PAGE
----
It’s been rather fair-weathered these past few weeks, but late June / early July saw some serious Netflix and chill downpours.
The City of Cape Town might be talking about doing away with the 50 litres per day restrictions, but experts have made it clear that the Western Cape is nowhere close to out of the woods.
That being said, the rise and rise of the Theewaterskloof Dam levels have been heartening to watch, and you’ve probably seen a fair few videos and time-lapses of how things have improved.
It’s nice to know that NASA is still paying attention. Their graphics from back in February painted a very worrying picture, but this time around the news is far better.
The South African shared NASA’s effort, so let’s get stuck in:
— NASA Earth (@NASAEarth) July 18, 2018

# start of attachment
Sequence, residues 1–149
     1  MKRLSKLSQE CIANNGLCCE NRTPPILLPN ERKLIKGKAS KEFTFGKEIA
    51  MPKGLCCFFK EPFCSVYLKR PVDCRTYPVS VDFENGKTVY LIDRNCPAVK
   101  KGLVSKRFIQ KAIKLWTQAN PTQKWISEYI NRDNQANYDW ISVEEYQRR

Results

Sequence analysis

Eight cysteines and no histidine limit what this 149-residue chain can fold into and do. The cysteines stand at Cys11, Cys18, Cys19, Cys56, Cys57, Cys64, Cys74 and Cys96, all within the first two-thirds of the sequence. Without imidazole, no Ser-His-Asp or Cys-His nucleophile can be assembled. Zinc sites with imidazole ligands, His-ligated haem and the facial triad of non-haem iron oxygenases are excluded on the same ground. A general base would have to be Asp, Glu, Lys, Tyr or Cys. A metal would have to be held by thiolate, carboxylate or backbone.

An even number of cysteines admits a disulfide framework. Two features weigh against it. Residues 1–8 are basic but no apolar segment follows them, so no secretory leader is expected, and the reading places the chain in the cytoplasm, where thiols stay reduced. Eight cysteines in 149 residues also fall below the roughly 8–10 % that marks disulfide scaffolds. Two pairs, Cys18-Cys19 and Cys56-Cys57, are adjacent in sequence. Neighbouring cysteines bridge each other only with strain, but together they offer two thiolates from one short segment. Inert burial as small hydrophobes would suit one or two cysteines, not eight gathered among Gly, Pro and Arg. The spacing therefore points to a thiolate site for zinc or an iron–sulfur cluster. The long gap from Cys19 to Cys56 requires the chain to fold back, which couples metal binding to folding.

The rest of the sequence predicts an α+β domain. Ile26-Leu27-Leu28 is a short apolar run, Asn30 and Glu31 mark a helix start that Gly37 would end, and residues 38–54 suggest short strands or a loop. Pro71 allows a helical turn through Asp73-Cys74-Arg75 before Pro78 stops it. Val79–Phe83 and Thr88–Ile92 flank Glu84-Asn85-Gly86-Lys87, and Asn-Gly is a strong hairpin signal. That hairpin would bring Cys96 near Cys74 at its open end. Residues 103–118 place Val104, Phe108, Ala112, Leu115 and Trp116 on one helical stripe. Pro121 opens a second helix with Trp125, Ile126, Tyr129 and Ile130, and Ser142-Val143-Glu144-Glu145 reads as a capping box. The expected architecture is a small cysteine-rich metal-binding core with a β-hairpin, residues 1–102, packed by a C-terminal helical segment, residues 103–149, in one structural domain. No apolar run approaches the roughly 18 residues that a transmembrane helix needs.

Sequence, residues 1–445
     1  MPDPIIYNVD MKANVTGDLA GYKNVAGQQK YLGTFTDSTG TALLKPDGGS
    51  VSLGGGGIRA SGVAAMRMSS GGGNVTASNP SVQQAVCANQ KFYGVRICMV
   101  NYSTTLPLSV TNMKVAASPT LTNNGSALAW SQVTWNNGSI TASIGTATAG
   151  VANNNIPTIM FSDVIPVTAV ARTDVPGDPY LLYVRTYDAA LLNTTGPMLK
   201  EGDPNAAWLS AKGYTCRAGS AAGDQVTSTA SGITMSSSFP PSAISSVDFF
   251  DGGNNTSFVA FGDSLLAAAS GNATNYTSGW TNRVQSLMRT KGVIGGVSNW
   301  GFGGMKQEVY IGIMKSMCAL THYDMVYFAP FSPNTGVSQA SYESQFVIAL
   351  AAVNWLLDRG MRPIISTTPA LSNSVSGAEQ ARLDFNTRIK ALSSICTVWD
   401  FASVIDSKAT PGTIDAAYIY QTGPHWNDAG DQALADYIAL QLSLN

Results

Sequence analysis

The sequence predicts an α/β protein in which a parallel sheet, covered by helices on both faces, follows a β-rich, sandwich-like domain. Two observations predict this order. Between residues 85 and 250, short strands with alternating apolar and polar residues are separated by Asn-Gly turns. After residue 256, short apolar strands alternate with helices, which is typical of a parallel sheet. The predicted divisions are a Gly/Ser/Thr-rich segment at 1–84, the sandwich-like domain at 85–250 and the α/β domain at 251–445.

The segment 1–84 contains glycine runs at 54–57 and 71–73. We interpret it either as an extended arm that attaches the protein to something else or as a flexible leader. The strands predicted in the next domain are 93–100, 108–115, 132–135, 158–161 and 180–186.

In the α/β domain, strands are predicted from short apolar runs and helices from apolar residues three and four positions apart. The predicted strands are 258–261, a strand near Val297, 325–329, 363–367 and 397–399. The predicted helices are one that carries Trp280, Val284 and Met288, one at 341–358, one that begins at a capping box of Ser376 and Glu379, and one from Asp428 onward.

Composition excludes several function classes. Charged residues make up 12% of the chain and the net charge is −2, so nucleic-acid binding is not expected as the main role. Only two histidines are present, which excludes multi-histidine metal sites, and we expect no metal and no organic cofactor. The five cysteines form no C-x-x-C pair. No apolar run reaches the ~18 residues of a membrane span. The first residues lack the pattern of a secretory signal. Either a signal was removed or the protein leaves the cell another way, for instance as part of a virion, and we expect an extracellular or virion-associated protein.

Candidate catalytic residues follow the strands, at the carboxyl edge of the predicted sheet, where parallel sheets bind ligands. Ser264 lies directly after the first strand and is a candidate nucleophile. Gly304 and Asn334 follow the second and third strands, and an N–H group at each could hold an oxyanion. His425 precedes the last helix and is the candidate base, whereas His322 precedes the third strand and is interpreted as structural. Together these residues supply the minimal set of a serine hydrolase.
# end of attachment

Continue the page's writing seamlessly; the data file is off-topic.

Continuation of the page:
I have faith in your ability to apply basic logic, so I won’t explain the light blue / dark blue mapping.
Here’s another aerial time-lapse that maps out the past nine or so months:
If you prefer to have your feet planted, this video from Cape Town Live, posted on July 4, is worth a watch:
Makes such a pleasant change from those barren, desert-like images we all saw during the height of the Day Zero panic.
Just remember that 50 litres a day is manageable, and if we’ve become accustomed to using the prescribed amount, why change now?
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